I thank my late father and my mother, who is still alive today, for the opportunity because they say that this is truly the greatest country in the world. There is no question in my mind about that. What other country in this world would allow a young kid like me who was not born here, who came with a funny accent, although I now speak Canadian, to be here. I once told my mother I would lose that accent, so I did so and now I do not have that funny voice. Nonetheless, this is the greatest place in the world that allows me to be in my place and stand up for all of us who are out there.

A member on the other side said that small businesses were saying that the lockout must end. They are right, end the lockout. The people on that side have the power to do that. They have the key to turn in the lock to open the gates of the postal sorting stations, the padlocks on those super mailboxes, and allow the postal workers, who have voluntarily put their hands up and said that if the locks are taken off they will be back to work tomorrow.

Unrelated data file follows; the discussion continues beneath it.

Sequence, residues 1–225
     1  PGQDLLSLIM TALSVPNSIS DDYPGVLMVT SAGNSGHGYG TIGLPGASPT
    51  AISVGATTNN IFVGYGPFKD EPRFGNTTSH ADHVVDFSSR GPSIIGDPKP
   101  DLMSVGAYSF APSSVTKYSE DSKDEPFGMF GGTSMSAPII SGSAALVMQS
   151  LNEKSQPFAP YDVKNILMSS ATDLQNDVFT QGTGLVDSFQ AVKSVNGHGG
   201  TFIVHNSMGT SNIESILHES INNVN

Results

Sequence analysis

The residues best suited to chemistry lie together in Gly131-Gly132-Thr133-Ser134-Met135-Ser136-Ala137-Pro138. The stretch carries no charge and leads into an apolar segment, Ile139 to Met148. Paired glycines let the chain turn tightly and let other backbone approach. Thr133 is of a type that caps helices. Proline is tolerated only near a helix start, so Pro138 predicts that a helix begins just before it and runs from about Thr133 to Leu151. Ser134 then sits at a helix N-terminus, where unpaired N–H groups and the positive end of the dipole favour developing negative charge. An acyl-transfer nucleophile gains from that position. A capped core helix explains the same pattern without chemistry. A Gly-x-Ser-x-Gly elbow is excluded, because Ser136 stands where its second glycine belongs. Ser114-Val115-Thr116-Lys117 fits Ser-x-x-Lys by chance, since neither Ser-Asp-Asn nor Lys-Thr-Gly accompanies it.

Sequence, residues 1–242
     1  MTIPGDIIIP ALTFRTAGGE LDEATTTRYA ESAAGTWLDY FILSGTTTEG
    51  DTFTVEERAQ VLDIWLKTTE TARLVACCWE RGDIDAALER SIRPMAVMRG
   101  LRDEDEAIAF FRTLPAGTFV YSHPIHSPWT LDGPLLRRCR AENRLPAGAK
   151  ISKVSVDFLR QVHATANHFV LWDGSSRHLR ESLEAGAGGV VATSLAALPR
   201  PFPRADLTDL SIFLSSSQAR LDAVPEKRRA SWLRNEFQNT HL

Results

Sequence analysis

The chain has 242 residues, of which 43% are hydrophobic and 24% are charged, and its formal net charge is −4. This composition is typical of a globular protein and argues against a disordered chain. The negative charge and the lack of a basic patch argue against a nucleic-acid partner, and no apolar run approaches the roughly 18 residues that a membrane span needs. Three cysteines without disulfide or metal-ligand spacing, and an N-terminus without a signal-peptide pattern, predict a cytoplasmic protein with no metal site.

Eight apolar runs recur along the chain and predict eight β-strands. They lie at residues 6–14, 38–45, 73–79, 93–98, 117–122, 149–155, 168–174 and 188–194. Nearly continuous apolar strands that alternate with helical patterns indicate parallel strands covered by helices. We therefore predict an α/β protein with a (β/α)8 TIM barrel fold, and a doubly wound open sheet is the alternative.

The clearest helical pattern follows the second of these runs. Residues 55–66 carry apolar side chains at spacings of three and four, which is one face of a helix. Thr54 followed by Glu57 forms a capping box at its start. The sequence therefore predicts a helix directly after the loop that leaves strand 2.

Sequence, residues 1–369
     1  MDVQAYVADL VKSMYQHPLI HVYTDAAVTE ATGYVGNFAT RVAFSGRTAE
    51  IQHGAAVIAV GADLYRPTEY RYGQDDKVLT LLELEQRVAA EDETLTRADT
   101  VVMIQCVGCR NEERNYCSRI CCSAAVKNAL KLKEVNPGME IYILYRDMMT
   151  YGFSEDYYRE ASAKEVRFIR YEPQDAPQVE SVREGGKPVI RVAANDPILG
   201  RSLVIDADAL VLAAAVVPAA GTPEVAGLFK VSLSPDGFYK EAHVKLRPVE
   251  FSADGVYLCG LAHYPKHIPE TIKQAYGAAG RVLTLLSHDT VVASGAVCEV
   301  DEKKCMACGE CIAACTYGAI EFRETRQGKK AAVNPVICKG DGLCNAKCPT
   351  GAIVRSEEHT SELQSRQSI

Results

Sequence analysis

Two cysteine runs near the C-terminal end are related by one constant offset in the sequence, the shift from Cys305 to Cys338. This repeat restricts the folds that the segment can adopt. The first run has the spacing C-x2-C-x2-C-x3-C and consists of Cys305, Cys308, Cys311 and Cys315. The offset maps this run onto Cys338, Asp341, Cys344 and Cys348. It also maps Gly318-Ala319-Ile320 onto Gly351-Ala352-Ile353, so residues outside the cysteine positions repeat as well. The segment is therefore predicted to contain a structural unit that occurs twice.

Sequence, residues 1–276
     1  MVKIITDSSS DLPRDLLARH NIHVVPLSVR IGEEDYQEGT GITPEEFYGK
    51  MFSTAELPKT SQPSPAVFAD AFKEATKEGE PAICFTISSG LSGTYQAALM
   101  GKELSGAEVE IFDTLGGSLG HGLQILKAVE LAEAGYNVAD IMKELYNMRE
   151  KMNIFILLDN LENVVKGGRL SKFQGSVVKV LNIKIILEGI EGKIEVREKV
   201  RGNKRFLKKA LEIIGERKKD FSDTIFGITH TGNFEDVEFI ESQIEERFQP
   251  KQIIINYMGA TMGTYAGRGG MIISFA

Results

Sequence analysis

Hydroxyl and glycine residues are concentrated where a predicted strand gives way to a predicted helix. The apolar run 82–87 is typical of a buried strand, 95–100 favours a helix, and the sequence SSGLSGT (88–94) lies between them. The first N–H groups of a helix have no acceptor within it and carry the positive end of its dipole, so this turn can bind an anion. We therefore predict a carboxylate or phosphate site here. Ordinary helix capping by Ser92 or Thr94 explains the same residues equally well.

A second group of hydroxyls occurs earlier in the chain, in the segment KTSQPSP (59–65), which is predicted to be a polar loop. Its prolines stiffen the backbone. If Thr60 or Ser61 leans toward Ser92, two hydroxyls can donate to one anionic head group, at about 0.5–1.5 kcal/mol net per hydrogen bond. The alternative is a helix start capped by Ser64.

The government has the power and we ask that it please exercise that power. We will be happy on this side if they exercise that power. We will not fight if the government decides to take that key, unlock the postal sorting stations, unlock the super mailboxes and unlock the postal workers who want to go back to work. If they are allowed to go back to work they will start delivering the mail on Monday.

Restoring Mail Delivery for Canadians Act
Government Orders

June 25th, 12:25 p.m.

Cambridge
Ontario

Conservative

Gary Goodyear Minister of State (Science and Technology) (Federal Economic Development Agency for Southern Ontario)